For those in the northern hemisphere… Summer is here ⛱️! With it, the EMBARK team brings a refreshing AMR digest with many sunshiny papers. Put your 🕶️ on and swim deep into many works that we have compiled for you: AMR in soil, water, clinical or livestock settings, antibiotic resistance gene ecology and evolution and more … for those in the southern hemisphere, we also wish you a happy reading despite the cold winter ^^
*Addressing a future pandemic: how can non-biological complex drugs prepare us for antimicrobial resistance threats? – Blackman, L. D., Sutherland, T. D., De Barro, P. J., Thissen, H., & Locock, K. E. – Materials Horizons Lewis D. Blackman et al. review the different ways in which bacteria develop resistance against antibiotics and alternative agents that could be employed. They focused on non-biological complex drugs (NBCDs) as the next generation antimicrobial agents. They outline the advancements in antimicrobial polymer materials, carbon nanomaterials, and inorganic nanomaterials and highlight the remaining challenges for their clinical translation.
*Environmental Dimensions of “One Health” to Combat Antimicrobial Resistance: Essential Research Needs – Jin, L., Pruden, A., Boehm, A. B., Alvarez, P. J., Raskin, L., Kohn, T., & Li, X. – Integrating Environmental Science & Technology In this viewpoint article, Jin et al. critically address the lack of relevance and impact on health outcomes in environmental AMR research. They invite to “better define impactful contributions from the environmental dimension of AMR as part of a broader “One Health” vision” by implementing and developing models in line with an anthropocentric context of bacterial transfer within the interface between environment and humans. The authors promote multidisciplinary cross-national participation and coordination to establish analytical approaches to interpret ARG in the environment comprehensively. Approaches to identify responsible agents or conditions that select for AMR evolution and fit-for-purpose treatment technologies for mitigating high-risk ARGs and ARB at crucial sources.
*A bottom-up view of antimicrobial resistance transmission in developing countries – Ikhimiukor, O.O., Odih, E.E., Donado-Godoy, P. and Iruka N. Okeke – Nature Microbiology This review from Odion O. Ikhimiukor et al. focuses on AMR transmission in low- and middle-income countries, emphasizing high-risk transmission points such as urban settings and food-animal handling. The authors describe the integration of top-down and bottom-up strategies as AMR-containment approaches. They suggest that technological innovations are required to control AMR in low- and middle-income settings.
*Globally distributed mining-impacted environments are underexplored hotspots of multidrug resistance genes – Yi, X., Liang, J. L., Su, J. Q., Jia, P., Lu, J. L., Zheng, J. & Zhu, Y. G. – The ISME Journal Yi et al. focused their work on giving further insight into antimicrobial resistance in mining-impacted environments. They suggest developing constant monitoring strategies as the mining sites represent an underexplored hotspot for multidrug resistance genes. Overall, they described around 54 high-quality ARG-carrying MAGs from the phylum Proteobacteria, Acidobacteria, Actinobacteria, Bacteroidota, Firmicutes, Nitrospira, Planctomycetes and Thermoplasmatota and confirmed high mobility of ARGs, mainly trough transposons and plasmid.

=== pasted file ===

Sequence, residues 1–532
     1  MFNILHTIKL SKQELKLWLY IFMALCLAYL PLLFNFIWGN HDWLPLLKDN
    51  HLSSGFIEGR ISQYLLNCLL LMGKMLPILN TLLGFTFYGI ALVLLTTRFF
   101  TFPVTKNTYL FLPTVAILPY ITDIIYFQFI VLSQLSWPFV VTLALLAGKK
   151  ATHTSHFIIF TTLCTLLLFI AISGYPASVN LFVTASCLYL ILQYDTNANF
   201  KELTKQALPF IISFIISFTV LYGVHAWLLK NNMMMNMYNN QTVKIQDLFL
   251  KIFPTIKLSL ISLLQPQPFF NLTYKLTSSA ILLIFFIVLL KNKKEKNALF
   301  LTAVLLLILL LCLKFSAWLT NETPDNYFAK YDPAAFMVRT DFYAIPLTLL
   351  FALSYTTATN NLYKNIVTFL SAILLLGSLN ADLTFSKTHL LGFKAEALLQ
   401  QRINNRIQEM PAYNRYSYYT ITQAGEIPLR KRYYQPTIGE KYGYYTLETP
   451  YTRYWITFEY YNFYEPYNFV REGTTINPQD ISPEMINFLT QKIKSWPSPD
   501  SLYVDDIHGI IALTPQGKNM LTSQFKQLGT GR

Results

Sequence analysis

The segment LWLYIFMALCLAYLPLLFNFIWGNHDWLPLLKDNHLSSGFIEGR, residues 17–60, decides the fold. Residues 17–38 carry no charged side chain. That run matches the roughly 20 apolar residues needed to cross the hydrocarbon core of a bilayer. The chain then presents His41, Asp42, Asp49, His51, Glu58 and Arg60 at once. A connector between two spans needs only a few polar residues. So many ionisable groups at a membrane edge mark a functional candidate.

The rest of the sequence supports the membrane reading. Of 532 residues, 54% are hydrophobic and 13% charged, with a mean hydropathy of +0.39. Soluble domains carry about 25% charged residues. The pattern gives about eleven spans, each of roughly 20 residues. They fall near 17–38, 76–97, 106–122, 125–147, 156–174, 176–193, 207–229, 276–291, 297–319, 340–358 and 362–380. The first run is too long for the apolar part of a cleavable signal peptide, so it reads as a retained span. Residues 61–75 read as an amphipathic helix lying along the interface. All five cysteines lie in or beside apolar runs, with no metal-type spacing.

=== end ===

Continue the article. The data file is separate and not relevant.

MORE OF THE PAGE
Join CIDRAP-ASP on June 21, 6:00 – 7:15 pm CDT for a webinar discussing the importance of effective, data-driven infection prevention strategies (IPC) and antibiotic stewardship (AS) initiatives. It has been shown that IPC and AS reduce drug-resistant infections and diminish the burden of antimicrobial resistance (AMR) within healthcare systems. More information here.
AMR Studio Podcast Ep 39: Vanessa Carter & patient advocacy. A stewardship game. Evolution of antibiotic tolerance – Uppsala Antibiotic Center
May digest features review on the gut microbiota – urinary tract infections axis, novel antimicrobial compounds detected – the dynaplanins -, phage therapy tackling antibiotic-resistant bacteria and more.
We are excited to share with you EMBARK NEWS – after the SPRING #AMR WEBINARS we are already planning the fall #EMBARK2022: Join us and our invited speakers to discuss the latest AMR insights!
Multiwalled Carbon Nanotubes Promote Bacterial Conjugative Plasmid Transfer – Katrin Weise, Lena Winter, Emily Fischer, David Kneis, Magali de la Cruz Barron, Steffen Kunze, Thomas U. Berendonk, Dirk Jungmann, Uli Klümper – Microbiology Spectrum *In this paper, the authors have highlighted the importance of multi-walled carbon nanotubes (MWCNTs) used in various products related to bacterial plasmid transfer in aquatic environments. MWCNTs form bigger agglomerates and provide novel surfaces for bacterial interactions, promoting the spread of antimicrobial resistance genes in microbial communities.
The AMR March digest features the latest publications on global health risk of antibiotic resistance genes, bacterial responses to antibiotic combinations, Hi-C assisted metagenomics for AMR resistance tracking and more. Happy #AMR reading!
Join us for the spring #EMBARK2022 webinars!
Assessment of global health risk of antibiotic resistance genes – Zhenyan Zhang – Nature Communications *Authors developed a novel method for quantitatively surveilling the health risk of ARGs, by integrating human accessibility, mobility, pathogenicity and clinical availability. Antibiotic resistance risk was detected all around the world, even in the polar region. Human-associated habitats posed the highest risk of antibiotic resistance than other habitats.